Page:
Disruptive Behavior Crisis Clinic
What is the Disruptive Behavior Crisis Clinic?
The Disruptive Behavior Crisis Clinic offers care when a child is having a mental health crisis related to behavioral issues. We serve families who have been in or are at risk of coming to the emergency department or think they need immediate 911 intervention.
We will support your family by seeing you (the child’s parents or caregivers) for 4 visits, 1 day a week. For some families, these visits may help avoid the need for a hospital stay.
We accept referrals from Seattle Children’s providers, emergency department providers, primary care providers, mental health providers and school healthcare providers.
Who can the clinic help?
We help parents and caregivers of children and adolescents ages 5 to 12 who are having a mental health crisis related to a behavioral issue. Signs that your child is in crisis include:
- Being physically aggressive
- Destroying property
- Running away from home
- Talking about hurting themselves or wanting to harm others
Is your child having a behavioral health emergency?
Signs of an emergency:
- Your child is at immediate risk for self-harm.
- Your child is a danger to others.
- Your child cannot take part in safety planning to avoid self-harm.
- Your child cannot care for themselves.
- You are concerned that you cannot keep your child safe until they have an appointment.
If your child or family needs help right away, go to your nearest emergency room or call the 988 Suicide & Crisis Lifeline at 988 to be connected to a mental health crisis responder (24 hours a day, 7 days a week in the United States).
If you need urgent medical help (such as for an overdose) or are in immediate danger, call 911. See specific language you can use (PDF) to help lessen the risk of bias and harm when calling 911. (Also available in Amharic, Arabic, Russian, Simplified Chinese, Somali, Spanish, Ukrainian and Vietnamese.)
Children with complex mental health issues may need to stay in the hospital at times. When other options are not enough to keep them safe, we treat children in our Psychiatry and Behavioral Medicine Unit.
How will this clinic help my family?
We aim to provide quick access to 1-on-1 visits for caregivers for parent behavior management training (PBMT). We offer 4 visits held 1 day a week. During the visits, we will:
- Work with you to create a plan to decrease your child’s aggressive or unsafe behavior
- Discuss treatment needs with your child’s current therapist if they have one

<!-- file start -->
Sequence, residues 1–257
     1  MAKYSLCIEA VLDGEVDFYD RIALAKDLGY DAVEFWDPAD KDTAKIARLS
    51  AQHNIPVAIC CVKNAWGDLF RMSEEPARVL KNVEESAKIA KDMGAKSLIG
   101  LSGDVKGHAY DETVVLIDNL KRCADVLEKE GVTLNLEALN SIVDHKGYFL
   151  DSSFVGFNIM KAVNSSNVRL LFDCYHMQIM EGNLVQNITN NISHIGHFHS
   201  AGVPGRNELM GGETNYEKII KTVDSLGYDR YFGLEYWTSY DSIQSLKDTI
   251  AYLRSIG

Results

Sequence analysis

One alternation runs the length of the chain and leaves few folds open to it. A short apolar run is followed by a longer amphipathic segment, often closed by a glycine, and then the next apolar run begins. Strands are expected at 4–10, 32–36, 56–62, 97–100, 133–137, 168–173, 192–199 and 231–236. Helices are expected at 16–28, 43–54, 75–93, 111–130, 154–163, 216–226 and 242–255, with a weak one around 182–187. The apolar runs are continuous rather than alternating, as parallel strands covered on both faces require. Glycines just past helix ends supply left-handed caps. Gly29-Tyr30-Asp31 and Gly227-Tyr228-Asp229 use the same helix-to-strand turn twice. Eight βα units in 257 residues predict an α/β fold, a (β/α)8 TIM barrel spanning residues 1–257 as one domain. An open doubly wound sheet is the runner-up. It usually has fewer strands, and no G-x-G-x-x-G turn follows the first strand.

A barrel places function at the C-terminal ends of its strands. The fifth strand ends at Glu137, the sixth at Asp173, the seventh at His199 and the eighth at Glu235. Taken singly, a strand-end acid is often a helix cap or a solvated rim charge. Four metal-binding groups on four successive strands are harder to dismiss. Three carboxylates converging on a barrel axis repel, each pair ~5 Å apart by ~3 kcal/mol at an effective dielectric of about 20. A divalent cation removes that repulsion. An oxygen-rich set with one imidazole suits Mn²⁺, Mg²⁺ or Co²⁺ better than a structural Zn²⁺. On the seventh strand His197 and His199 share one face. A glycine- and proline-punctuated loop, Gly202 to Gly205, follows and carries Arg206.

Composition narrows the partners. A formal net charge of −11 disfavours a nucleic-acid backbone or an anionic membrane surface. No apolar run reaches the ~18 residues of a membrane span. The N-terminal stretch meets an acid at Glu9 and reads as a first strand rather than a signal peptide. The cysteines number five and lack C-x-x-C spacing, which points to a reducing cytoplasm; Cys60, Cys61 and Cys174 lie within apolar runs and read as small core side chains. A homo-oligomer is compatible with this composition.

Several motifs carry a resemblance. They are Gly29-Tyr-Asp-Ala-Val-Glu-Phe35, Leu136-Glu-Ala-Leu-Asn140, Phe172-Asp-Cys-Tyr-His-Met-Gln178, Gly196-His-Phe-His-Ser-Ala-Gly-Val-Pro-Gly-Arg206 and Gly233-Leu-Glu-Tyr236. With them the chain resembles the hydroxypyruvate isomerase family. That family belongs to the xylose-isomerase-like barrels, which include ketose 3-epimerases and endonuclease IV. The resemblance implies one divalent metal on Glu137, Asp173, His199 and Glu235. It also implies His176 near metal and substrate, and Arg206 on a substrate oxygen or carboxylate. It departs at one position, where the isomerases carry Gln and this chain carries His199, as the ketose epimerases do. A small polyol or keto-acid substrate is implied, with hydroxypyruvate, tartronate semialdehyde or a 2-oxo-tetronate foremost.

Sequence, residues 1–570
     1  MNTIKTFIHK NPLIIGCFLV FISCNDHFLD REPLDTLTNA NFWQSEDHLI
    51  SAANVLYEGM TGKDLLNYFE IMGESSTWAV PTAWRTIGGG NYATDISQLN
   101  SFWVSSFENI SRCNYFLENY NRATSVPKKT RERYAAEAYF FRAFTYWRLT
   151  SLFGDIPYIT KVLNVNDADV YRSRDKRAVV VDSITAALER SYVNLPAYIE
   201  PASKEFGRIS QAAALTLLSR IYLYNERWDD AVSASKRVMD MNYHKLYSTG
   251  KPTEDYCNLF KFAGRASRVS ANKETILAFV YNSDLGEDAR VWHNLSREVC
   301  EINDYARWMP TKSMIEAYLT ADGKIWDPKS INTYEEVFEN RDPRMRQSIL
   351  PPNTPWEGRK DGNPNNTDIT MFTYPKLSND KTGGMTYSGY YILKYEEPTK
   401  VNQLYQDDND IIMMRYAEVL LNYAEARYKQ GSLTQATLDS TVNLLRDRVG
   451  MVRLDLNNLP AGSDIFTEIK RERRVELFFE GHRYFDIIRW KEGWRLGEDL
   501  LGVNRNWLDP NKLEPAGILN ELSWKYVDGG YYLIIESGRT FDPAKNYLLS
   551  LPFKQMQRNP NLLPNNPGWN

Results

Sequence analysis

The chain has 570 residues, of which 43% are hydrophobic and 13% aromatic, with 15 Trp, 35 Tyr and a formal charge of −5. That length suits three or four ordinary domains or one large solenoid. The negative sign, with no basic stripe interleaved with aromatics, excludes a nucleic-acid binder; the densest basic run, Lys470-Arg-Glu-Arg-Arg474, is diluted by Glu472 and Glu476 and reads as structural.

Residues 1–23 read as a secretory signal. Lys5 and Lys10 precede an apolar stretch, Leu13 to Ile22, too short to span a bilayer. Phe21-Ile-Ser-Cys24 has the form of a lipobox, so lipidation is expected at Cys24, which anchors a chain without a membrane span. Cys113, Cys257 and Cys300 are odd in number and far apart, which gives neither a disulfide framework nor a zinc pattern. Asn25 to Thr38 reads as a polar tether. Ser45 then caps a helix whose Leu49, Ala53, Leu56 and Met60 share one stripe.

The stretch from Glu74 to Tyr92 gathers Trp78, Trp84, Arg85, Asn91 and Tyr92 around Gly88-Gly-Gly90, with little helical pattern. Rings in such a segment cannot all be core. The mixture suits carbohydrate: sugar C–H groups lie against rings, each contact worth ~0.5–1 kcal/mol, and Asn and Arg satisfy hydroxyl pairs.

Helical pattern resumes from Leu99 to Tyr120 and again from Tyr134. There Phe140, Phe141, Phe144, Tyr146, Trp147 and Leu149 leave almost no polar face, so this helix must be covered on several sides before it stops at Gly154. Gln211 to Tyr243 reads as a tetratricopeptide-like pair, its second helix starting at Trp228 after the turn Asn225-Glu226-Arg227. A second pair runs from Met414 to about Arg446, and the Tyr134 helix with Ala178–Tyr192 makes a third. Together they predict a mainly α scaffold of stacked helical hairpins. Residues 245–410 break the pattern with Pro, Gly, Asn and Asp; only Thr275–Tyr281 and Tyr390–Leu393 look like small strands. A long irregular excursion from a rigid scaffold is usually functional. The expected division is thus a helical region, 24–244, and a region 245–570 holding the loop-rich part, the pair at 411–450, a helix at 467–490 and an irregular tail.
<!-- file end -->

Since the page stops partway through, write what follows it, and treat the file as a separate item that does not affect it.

- Partner with a case manager to connect you to follow-up care in your community
Our goals are to provide support when you most need it and help stabilize your child and family.
We help transition your family to another ongoing PBMT program after your 4 visits with us so you can build on the skills you learned through our clinic.
If your child is not in crisis but you need help finding mental health providers in your local area who fit your child’s needs, contact Washington’s Mental Health Referral Service for Children and Teens.
To get started, your child needs a referral.
- If you would like to place a referral, talk to your child’s Primary Care Providers.
- Seattle Children’s providers may complete an internal referral.
If we do not have an opening within 1 week, we will contact the referring provider. At this time, we have limited capacity and do not keep a waitlist. This approach helps us remain more available for urgent needs as they come up.
Who’s on the team?
The team is led by a psychologist and also includes mental health therapists, mental health therapist associates and a family advocate/case manager. You may also work with a psychiatric nurse practitioner and psychiatry or psychology trainees.
The Disruptive Behavior Crisis Clinic is part of Seattle Children’s Psychiatry and Behavioral Medicine.
- Getting Help in a Mental Health Crisis (PDF) (Amharic) (Arabic) (Russian) (Simplified Chinese) (Somali) (Spanish) (Ukrainian) (Vietnamese)
- Communicating With Providers: Tips on Describing Behavior
- Washington’s Mental Health Referral Service for Children and Teens
- More resources for mental health
Please note that this is not a crisis line. If your child needs help right away, go to your nearest emergency room or call the 988 Suicide & Crisis Lifeline at 988 (available 24 hours a day, 7 days a week in the United States). If you need urgent medical help (such as for an overdose) or are in immediate danger, call 911. See specific language you can use (PDF) to help lessen the potential risk of bias and harm when calling 911. (Also available in Amharic, Arabic, Russian, Simplified Chinese, Somali, Spanish, Ukrainian and Vietnamese.)
Seattle Children’s providers may complete an internal referral.
Providers: For noncrisis cases, our Partnership Access Line (PAL) consultants are available to discuss best practices for treatment and support on weekdays from 8 a.m. to 5 p.m.
Have insurance questions?
Some insurance plans have Seattle Children’s as an in-network provider for medical services but an out-of-network provider for mental health services.
Even if your plan offers an out-of-network benefit, we are not accepting new patients for our mental health services if their insurance does not include Seattle Children’s as an in-network provider.
Learn about mental health insurance coverage at Seattle Children’s.
Paying for Care
- Call your insurance plan to check your benefits or ask about your deductible or co-pays. Read about insurance and mental health coverage at Seattle Children’s.
- Learn more about paying for care at Seattle Children’s, such as billing and financial assistance.
In a crisis?
If you, your child, family or friend needs help right away, call or text 988. Chat is another option. The 988 Suicide & Crisis Lifeline provides free and confidential support for people in distress, as well as prevention and crisis resources. The Lifeline is available 24 hours a day, 7 days a week in the United States.